On Monday’s episode of The Crown: The Official Podcast, Carter — who plays Princess Margaret in Seasons 3 and 4 — discussed the period drama’s tendency to fictionalize certain events. Though Carter’s episode of the podcast was recorded in March, well ahead of Season 4’s release, the new episodes have sparked debate, particularly for their dramatization of Prince Charles and Princess Diana’s relationship, as portrayed by Josh O’Connor and Emma Corrin.
“It is dramatized,” Carter said, adding her support for a disclaimer that reminds viewers of the show’s fictionalization. “I do feel very strongly, because I think we have a moral responsibility to say, ‘Hang on, guys, this is not… it’s not a drama-doc, we’re making a drama.’ So they are two different entities.”
Carter went on to say The Crown‘s “proper documentary” is the royal family research that series creator Peter Morgan conducts before a new season: “That is amazing, and then Peter switches things up and juggles,” she added.
Earlier this month, British politician Oliver Dowden, who serves as the U.K.’s Secretary of State for Culture, Media and Sport, urged Netflix to put a disclaimer before episodes of The Crown, expressing his concern that viewers might take the show’s version of events as gospel.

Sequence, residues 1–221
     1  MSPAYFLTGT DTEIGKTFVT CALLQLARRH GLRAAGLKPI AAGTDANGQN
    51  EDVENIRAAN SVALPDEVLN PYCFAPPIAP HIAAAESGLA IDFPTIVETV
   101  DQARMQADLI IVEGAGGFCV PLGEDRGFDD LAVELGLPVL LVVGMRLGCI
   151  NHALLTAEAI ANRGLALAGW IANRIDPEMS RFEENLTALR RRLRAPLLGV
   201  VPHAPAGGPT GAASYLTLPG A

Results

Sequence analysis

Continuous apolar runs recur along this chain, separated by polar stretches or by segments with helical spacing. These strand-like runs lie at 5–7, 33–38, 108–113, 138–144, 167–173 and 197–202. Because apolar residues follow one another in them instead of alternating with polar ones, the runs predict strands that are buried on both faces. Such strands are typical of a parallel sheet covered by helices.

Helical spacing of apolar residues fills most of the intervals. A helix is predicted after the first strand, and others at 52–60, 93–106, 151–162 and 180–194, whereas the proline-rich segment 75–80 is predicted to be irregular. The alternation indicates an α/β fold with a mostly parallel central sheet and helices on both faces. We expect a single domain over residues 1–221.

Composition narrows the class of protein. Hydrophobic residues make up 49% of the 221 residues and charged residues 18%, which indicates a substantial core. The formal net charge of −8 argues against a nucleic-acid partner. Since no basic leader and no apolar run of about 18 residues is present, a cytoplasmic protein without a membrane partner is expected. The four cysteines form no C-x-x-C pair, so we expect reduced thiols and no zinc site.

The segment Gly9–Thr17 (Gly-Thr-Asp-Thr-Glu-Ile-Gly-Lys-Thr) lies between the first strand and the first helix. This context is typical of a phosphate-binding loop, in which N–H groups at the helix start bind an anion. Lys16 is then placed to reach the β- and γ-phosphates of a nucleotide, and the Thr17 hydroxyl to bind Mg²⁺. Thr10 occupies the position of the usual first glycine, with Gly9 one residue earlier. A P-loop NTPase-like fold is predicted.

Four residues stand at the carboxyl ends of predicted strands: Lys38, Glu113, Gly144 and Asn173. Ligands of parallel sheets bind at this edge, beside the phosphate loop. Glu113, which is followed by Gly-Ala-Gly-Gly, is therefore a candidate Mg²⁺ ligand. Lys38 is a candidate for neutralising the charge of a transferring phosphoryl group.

“It’s a beautifully produced work of fiction, so as with other TV productions, Netflix should be very clear at the beginning it is just that,” Dowden told The Mail. “Without this, I fear a generation of viewers who did not live through these events may mistake fiction for fact.” (Dowden also stated his intent to write Netflix personally about his concerns.)
UPDATE: In a statement to our sister site Variety, a Netflix spokesperson said the streaming service has no plans to add a disclaimer to The Crown. “We have always presented The Crown as a drama — and we have every confidence our members understand it’s a work of fiction that’s broadly based on historical events,” the statement reads. “As a result we have no plans — and see no need — to add a disclaimer.”